In an interview with Hollywood.com Martin Freeman has revealed that he will be going back again to playing Bilbo Baggins for a little over two months: “I am going back at the end of May for all of June and July.”
Freeman talks finishing the The Hobbit story this summer:
“I suppose the thing is, this is not finished. We literally have to go and finish it. It’s not a new adventure like on a television show. It’s the same story. It’s the same gig I started in January 2011. I think it’ll be really fun because the crew is quite close and the cast are close and we like working on it. I’m anticipating it.”
He also tells Movieline that he hasn’t yet seen a shooting script for the additional filming and as such doesn’t know exactly what performance challenges await him this summer.
I’m most curious about two aspects of the additional shooting: First, will Peter Jackson adjust the cinematography, set design, wardrobe or makeup in wake of the feedback to the HFR 3D of the first movie? I’m sure he’s learned a thing or two regarding how to maximize the shoot so that the 48 fps product looks as good as possible. And second, how much of the additional footage is intended for There and Back Again, and how much will be for The Desolation of Smaug? On the one hand, Jackson and co. have said that they already have a rough cut of “Desolation.” On the other hand it would seem likely that, in order to allow it to stand on its own, film 2 would require some newly envisioned scenes/shots that weren’t captured during the initial shoot. So I’d very much like to know the breakdown in terms of the amount of required additional footage for parts 2 and 3.
Just as I suspected, The Hobbit: There and Back Again has changed its release date to December 17, 2014, thus falling in line with every other LOTR and Hobbit movie.
The original July 18, 2014 release date (the same day that Bryan Singer’s X-Men: Days of Future Past is currently scheduled) never made sense financially, in relation to WETA’s VFX schedule, or in terms of tradition. And two huge blockbusters were never going to go head-to-head like that. As an added benefit this date change frees up plenty of high frame rate screens for Days of Future Past if Bryan Singer follows through on all the hints and indeed makes it at 48 or 60 fps.
Moving to December is simply the smart thing to do: December blockbusters almost invariably have miniscule competition for months after they debut, thereby allowing for stratospheric grosses (see: Avatar, Titanic, Return of the King). Late summer is a time at which audiences often start becoming fatigued of all the visual effects and spectacle, especially in terms of epic sci-fi, action, superhero and fantasy, and the grosses rarely stretch much higher than a billion even for the most highly anticipated event pictures. By December, however, and after an August-November gap in epic escapism, audiences are ravenous for movies like The Hobbit.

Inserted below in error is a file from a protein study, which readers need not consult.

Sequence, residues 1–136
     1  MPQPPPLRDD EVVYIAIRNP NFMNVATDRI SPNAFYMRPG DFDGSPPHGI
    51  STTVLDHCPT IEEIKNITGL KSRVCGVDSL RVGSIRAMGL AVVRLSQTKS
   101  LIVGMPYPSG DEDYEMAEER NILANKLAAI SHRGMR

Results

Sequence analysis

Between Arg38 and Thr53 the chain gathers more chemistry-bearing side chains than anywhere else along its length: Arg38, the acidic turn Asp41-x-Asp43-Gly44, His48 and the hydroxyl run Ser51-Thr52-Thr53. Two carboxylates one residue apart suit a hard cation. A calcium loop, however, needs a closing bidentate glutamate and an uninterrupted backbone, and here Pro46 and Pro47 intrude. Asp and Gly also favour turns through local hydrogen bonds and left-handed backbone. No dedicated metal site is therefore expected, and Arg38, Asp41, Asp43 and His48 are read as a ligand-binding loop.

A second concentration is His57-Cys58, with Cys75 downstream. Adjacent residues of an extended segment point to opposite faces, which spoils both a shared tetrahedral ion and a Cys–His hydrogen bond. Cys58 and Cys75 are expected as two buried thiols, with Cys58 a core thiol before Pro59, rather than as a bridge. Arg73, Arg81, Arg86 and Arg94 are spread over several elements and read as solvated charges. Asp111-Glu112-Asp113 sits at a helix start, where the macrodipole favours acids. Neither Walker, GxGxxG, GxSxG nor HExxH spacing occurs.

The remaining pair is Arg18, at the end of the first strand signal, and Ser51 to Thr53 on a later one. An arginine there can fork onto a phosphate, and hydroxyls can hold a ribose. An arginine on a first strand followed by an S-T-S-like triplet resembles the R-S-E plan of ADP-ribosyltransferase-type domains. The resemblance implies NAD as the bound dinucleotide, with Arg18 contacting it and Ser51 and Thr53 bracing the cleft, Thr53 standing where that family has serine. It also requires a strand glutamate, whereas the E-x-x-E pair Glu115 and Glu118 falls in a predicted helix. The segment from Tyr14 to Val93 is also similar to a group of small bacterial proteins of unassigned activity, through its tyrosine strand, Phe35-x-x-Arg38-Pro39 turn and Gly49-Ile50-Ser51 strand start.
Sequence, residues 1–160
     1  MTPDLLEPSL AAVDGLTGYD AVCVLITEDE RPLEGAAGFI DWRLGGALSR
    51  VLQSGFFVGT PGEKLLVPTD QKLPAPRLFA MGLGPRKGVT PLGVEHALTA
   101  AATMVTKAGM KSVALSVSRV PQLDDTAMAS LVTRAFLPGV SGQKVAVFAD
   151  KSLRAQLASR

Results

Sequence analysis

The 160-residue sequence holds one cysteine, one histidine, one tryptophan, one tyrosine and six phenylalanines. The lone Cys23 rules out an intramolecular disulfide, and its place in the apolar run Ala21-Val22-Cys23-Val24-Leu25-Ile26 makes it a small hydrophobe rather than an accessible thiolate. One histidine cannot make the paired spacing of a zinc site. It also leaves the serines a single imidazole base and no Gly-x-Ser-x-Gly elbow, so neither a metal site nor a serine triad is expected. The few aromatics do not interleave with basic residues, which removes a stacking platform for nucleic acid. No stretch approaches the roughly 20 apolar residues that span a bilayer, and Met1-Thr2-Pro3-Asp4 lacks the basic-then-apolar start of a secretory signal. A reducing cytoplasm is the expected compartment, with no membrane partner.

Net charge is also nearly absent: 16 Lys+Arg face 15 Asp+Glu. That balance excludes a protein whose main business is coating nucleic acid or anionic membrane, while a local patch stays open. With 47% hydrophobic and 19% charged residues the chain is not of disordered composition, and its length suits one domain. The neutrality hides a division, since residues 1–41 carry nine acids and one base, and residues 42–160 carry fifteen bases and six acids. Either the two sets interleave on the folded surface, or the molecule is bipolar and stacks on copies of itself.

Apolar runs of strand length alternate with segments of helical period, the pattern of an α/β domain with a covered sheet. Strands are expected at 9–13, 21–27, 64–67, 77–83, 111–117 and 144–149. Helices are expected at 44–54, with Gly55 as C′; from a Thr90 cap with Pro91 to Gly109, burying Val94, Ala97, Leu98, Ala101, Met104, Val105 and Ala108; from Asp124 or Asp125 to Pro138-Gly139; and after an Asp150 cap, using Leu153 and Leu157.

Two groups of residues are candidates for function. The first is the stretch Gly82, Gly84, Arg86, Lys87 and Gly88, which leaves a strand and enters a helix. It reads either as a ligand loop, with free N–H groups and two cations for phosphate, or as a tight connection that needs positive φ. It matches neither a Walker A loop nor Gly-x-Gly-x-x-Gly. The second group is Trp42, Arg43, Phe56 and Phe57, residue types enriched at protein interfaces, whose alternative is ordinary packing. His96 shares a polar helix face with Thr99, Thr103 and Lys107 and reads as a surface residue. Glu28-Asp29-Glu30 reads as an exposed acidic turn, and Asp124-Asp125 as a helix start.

I’m glad that Peter Jackson, MGM and Warner Bros. will reveal the final epic installment of the trilogy where it was always meant to be: December. It just wouldn’t have felt right at any other time.
Hot on the heels of their premiere photo of Legolas and Bard from There and Back Again, EW has debuted an exclusive first look at Bilbo in Smaug’s lair from The Desolation of Smaug:
This is the scene I’ve waited my entire life to see in a blockbuster Hobbit movie. I can’t wait to see the venal, proud, and ancient Smaug in all his jewel-encrusted glory. Judging by comments made by Jackson and Del Toro, Smaug will (rightly) be the dragon to end all dragons.
Meanwhile, Philippa Boyens explains to EW that the thrust of the Hobbit story doesn’t end with the dragon:
“The dragon is a huge, wonderful, amazing part of the story, but it doesn’t end there. Everyone can suspect there’s a rather large battle in film three.”
The Hobbit: The Desolation of Smaug hits theaters on December 13, 2013.
The Hobbit: An Unexpected Journey hasn’t even opened yet, but here we have the first official image from the third Hobbit movie, courtesy of Entertainment Weekly:
Legolas isn’t in the book, but it makes sense for him to feature in the expanded version of the tale that Peter Jackson is weaving. Jackson explains:
“He’s [elven king] Thranduil’s son, and Thranduil is one of the characters in The Hobbit. And because elves are immortal it makes sense Legolas would be part of the sequence in the Woodland Realm.”
As for Bard’s role in the movies, Writer/producer Philippa Boyens explains:
“Bard is an interesting character, but [in the book] he’s kind of a random character who comes in after the fact. We take more time introducing him. We know from what follows that he was a father, so we [explore] that. I don’t think we take liberties, because it’s all there in the storytelling.”
The Hobbit: There and Back Again will release on July 18, 2014